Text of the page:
7.05.2006

Idea of the Day

For a while there in school i thought about starting an art project that was more or less an "idea-of-the-day-blog." All it would have really been was just a daily report of whatever brilliant scheme i'd hatched for that 24 hour period. I decided not to do it when i finally stopped to consider the old saying (attributed, with varying amounts, to varying individuals):

genius is 10% inspiration, and 90% perspiration.

Like, anybody can just reel off ideas. It's implementing them that's so difficult. And i suck at that implementing part. I don't mind actually perspiring--i love working out in the sun, sweat pouring into my eyes, carrying heavy things, etc. Really. Seriously. Sometimes it can get tough, but mostly that kind of work makes me feel great. It's the really really hard work--libraries, taking notes, checking facts, making phone calls, diplomacy, negotiation--that gets me down. Can't stand it, man.

That's what ended up actually killing the HoboHut Project. Several folks approached me--like Real people, like the guy that did PR for Berkshire Hathaway and the Boston Celtics and stuff. "How far do you wanna take this thing?" he asked me in an email.

Everyone was dead set on the mass production of the thing, talking to city governments, etc., and i wasn't sure yet. PR-man was very excited until the day i wrote him back and said something along the lines of "I'm not sure i'm interested in going anywhere with this thing. I just want to make sure that no one person can own the plans. I want it so that anyone can build one and put it anywhere and stuff. I don't think they should be mass-produced or sold. Etc. Etc." That was the last time i heard from PR-man.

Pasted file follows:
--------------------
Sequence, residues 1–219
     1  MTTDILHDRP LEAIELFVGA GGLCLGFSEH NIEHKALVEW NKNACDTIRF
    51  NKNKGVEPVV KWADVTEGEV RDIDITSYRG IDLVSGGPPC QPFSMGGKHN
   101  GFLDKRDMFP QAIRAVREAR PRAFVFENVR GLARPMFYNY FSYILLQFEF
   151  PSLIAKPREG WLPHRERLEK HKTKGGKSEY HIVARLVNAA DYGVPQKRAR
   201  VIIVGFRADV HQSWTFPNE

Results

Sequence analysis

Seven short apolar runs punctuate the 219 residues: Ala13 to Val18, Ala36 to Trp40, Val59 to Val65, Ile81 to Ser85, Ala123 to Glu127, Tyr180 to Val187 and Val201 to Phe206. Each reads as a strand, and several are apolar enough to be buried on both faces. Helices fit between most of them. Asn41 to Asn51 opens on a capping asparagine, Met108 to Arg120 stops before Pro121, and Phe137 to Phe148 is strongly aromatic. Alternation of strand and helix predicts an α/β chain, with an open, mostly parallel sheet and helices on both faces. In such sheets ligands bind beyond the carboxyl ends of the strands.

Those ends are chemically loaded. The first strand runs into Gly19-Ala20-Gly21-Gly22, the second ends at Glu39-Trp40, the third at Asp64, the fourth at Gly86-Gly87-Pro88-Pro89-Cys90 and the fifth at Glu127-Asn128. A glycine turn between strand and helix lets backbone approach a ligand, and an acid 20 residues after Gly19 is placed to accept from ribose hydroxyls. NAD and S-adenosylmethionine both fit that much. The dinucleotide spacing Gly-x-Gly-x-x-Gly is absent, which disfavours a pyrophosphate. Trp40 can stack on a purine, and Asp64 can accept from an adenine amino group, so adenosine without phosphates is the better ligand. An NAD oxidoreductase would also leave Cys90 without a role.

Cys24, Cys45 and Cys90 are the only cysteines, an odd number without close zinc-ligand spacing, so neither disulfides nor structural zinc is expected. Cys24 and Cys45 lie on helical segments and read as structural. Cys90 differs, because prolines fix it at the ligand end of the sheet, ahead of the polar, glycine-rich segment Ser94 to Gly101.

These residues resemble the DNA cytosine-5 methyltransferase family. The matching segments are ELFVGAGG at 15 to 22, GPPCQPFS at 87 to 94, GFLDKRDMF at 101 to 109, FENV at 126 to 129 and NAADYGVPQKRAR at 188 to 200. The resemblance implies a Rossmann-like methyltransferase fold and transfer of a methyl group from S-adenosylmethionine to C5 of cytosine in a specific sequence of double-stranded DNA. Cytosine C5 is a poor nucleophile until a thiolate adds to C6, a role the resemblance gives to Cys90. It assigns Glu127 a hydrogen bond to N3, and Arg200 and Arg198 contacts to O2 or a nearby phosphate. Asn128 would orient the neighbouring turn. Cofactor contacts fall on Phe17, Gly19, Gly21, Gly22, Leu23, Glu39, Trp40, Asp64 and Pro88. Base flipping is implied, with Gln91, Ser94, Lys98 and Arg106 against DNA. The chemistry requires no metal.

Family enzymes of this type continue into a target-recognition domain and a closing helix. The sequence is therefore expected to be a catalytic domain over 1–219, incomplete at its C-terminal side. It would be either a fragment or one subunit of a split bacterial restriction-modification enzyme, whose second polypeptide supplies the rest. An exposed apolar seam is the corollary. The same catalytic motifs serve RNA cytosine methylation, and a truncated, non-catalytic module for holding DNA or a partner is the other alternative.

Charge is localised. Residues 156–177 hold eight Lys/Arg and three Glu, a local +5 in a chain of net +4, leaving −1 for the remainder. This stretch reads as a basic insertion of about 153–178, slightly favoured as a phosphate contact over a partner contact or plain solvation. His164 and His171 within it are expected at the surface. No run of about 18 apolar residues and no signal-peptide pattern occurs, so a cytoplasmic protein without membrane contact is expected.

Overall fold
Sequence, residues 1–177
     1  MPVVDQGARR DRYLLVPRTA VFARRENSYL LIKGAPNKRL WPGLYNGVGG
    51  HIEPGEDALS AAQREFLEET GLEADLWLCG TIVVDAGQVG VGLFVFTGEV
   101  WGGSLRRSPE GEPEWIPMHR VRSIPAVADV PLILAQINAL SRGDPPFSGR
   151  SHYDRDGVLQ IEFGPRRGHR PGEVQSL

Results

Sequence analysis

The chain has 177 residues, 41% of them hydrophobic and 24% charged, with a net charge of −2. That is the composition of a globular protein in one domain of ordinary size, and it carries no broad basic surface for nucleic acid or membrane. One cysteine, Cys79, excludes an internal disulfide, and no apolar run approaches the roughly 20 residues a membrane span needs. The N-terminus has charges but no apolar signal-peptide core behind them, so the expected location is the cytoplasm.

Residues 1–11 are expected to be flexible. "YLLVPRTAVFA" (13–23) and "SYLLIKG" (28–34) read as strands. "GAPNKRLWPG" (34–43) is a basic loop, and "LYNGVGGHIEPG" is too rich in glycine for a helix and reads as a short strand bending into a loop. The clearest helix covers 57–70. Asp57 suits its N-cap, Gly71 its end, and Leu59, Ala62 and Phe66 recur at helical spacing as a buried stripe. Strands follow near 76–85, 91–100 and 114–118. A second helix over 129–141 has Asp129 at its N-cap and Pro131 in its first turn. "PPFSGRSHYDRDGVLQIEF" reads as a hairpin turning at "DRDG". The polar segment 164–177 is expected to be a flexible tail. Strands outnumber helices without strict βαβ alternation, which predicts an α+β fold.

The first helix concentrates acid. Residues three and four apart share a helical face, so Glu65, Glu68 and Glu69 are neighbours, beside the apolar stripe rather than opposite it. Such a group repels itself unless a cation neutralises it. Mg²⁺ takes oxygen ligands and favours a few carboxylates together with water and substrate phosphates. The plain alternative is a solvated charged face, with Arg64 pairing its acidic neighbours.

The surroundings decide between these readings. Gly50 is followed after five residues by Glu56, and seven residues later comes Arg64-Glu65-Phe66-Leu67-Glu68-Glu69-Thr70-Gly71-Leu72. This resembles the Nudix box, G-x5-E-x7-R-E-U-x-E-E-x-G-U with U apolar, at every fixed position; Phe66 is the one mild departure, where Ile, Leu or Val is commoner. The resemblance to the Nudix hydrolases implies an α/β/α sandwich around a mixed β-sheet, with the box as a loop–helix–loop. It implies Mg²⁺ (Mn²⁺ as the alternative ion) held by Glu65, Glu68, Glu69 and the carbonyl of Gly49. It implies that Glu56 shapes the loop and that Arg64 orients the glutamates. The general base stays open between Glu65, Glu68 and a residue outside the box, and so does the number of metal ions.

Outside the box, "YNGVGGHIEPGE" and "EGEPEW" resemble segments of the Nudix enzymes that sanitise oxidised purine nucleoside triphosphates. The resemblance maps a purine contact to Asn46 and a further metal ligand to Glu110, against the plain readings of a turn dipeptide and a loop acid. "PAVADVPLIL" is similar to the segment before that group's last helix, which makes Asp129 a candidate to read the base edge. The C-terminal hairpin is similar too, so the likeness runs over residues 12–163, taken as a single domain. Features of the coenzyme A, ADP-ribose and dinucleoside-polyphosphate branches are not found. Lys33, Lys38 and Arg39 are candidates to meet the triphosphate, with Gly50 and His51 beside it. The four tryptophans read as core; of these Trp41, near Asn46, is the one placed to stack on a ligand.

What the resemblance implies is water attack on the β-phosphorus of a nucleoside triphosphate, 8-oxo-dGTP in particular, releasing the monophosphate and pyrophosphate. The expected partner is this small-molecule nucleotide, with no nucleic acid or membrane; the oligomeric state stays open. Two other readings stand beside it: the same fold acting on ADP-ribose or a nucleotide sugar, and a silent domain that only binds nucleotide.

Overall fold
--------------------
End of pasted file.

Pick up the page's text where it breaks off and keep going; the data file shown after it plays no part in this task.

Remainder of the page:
I believe now that i made a mistake. The HoboHut still resides in the wood studio hallways of the Star Store in Massachusetts. It gathers dust there and doesn't house anyone because i was unwilling to negotiate. I intend to fix that.

Anyway...so this idea-of-the-day-blog was a way to "inspire," but do none of that awful "perspire" business (again, meaning office work, not actual labor). The point was, anyone who wanted to do the "perspire" part was welcome to have the idea and go with it. (as long as they did it altruistically, not capitalistically.)

Well, so Alison and i were driving around in downtown Charleston yesterday. Yes, i know, we live in "downtown Charleston," but i mean, like, south of Crosstown. The fancy part. The Touristy part. The part where they bury the telephone lines. The traffic in this area is so so bad. It takes forever to drive somewhere, and longer to park. While enduring this i was reminded of one of my ideas-of-the-day. Here it is for anyone to use:

I figure that at any given moment on a congested city street at least 50% of the traffic is simply people driving around looking for a place to park. This traffic means air pollution, noise, dissatisfaction in visiting a particular area. It means that cities have to respond with invasive and expensive road work. Sometimes enlarging these roads kills the small--and charming--businesses that depend on walk-ins for their existence.